Technology and support
Students’ digital video projects as multimodal ensembles
Example student video
Topics • Blind as a bat – To determine whether the size of the blindspot is different for men than it is for women. • Taste me if you can – To determine what (if any) effect the sense of smell has on the sense of taste
Data sources • Student scientific documentaries – Analysis draws on Baldry and Thibault, 2006: • Move, Shot, visual frame • Speech • Soundtrack • Setting/participants • Action/gaze gesture • Camera position/perspective • Student focus group interviews • Student comments to course blog
Focus questions • What multimodal rhetorical strategies do students draw on when they create a multimedia scientific documentary? • How can this activity benefit their development of academic literacies in the science domain?
Student perspectives on the task
The challenge of attention The first impression of audience is the critical point to determine the success of a good documentary since if the audience’s attention cannot be attracted at the beginning, they will have no interest to continue to watch the video even the information is rich and constructive. I agree with t01_john. He said that visual stimulation would be the easiest way to make them remember the video. [Student blog post, October 7th, 2009 at 11:22 pm]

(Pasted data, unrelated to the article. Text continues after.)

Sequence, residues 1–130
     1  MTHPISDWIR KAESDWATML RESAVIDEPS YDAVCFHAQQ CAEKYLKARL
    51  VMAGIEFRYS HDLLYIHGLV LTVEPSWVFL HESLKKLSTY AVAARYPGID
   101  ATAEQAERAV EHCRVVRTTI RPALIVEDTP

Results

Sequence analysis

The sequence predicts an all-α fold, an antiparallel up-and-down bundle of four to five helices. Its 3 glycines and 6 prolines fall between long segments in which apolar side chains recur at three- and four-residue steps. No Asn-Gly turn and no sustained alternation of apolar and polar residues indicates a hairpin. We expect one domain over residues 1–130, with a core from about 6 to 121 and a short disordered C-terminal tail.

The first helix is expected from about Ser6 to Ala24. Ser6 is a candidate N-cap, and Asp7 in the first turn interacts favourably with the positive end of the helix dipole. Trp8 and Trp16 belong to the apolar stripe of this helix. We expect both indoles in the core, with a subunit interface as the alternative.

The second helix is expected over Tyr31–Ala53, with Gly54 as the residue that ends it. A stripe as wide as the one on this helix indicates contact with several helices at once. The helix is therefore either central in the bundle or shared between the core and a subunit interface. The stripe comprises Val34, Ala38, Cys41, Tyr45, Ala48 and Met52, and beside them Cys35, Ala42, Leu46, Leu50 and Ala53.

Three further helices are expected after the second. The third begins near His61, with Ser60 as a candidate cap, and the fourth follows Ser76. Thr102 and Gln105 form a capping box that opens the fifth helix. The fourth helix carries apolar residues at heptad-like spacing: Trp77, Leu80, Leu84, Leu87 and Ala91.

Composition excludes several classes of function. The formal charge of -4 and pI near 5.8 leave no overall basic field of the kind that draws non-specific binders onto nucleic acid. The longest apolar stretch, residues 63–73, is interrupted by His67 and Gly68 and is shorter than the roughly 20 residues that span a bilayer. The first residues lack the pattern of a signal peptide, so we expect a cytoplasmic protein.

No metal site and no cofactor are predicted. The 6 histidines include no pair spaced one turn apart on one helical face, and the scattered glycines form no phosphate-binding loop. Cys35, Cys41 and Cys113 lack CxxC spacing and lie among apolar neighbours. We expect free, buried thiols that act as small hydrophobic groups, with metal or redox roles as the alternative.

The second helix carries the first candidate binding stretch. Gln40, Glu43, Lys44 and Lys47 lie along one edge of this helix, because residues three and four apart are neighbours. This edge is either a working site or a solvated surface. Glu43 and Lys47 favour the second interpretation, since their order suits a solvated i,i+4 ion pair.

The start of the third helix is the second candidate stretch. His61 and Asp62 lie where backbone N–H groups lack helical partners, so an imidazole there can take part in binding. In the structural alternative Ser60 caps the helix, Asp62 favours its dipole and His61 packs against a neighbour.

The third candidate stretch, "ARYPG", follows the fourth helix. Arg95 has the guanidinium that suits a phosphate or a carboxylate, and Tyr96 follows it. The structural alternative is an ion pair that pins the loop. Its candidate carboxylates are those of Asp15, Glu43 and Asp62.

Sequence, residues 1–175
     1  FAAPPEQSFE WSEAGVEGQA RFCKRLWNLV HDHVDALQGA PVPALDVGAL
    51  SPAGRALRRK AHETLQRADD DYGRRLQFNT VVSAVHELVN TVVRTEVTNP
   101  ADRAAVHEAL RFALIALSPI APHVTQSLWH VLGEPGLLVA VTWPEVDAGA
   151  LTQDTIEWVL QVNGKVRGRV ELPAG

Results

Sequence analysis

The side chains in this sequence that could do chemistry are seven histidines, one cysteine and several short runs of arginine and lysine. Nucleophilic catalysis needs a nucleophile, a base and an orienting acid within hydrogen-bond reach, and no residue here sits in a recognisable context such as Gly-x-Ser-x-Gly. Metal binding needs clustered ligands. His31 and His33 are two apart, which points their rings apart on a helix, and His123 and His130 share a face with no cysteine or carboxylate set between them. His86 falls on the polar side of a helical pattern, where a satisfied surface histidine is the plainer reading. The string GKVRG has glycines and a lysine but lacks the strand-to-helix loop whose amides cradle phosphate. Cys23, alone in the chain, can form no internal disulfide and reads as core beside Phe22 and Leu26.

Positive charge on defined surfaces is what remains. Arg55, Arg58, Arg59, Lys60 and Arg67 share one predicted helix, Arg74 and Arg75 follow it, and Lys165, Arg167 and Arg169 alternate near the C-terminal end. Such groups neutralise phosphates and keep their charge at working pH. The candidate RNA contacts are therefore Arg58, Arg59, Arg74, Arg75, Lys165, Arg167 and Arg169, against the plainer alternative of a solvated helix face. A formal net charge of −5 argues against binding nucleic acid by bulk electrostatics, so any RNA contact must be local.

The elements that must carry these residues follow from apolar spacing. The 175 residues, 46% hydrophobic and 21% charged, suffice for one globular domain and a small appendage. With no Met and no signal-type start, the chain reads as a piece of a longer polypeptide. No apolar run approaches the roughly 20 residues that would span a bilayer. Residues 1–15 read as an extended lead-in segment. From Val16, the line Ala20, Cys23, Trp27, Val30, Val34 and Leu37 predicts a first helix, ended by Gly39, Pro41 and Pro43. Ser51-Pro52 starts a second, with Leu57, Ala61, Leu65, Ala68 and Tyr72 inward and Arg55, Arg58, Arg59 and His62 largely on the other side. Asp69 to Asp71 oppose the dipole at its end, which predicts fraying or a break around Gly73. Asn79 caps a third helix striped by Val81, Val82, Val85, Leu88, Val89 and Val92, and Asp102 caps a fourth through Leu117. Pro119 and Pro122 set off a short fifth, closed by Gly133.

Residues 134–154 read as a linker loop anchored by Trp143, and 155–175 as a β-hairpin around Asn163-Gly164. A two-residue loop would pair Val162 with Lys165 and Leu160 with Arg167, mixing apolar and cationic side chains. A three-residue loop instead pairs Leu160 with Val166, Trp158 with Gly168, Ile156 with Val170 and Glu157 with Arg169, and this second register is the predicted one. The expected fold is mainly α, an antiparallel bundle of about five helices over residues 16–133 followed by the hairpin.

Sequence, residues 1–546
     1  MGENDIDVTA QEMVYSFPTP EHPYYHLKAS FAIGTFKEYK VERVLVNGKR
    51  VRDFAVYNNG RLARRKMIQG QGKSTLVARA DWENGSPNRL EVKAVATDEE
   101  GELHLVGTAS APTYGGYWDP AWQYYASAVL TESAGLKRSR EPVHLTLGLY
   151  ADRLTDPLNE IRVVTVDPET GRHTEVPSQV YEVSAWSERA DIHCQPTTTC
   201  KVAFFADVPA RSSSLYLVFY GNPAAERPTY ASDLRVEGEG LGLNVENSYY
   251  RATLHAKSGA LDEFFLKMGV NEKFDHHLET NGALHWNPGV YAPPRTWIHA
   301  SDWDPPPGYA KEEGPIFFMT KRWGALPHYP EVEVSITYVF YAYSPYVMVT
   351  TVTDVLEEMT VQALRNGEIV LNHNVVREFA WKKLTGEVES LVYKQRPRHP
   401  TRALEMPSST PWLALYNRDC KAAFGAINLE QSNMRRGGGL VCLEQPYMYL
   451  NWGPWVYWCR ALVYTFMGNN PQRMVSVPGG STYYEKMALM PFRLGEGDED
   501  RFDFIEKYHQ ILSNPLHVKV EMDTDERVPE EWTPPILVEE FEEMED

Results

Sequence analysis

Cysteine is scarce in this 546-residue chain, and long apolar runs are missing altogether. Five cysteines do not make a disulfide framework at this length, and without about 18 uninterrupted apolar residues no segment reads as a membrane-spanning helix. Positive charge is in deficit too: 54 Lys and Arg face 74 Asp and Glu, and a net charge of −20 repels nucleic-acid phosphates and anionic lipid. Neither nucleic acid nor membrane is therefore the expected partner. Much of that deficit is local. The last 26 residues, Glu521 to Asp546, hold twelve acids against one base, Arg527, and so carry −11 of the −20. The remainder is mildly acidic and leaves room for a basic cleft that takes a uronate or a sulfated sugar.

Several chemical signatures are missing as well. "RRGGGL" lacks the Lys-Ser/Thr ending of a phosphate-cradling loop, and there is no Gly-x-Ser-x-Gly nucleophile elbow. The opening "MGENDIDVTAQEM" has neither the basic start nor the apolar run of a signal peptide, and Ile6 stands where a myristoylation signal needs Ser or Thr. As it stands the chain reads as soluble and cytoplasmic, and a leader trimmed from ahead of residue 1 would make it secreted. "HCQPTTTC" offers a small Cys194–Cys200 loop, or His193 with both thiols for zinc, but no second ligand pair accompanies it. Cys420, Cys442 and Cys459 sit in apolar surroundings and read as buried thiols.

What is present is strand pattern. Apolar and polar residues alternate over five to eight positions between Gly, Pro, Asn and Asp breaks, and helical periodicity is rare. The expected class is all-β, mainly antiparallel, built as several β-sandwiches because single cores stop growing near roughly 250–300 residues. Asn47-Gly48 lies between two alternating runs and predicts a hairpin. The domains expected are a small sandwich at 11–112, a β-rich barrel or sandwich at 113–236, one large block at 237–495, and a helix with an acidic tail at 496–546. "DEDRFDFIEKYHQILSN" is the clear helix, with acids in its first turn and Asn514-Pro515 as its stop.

The challenge of multimodality I think the most challenging thing is how to give an attractive and interesting present[ation] because we use lots of method involved in our video. For example, use pictures, use a narrator, stand in front of the camera for speaking and use music or many, many elements we involved in order to give a whole product to make it more interesting. [Student focus group interview]
Thinking about multimodality • Moving images and animation • Charts and tables for scientific data • Subtitles • Different camera angles and lighting, • Background music • Sound effects • Interesting locations • Interesting participants • Facial expression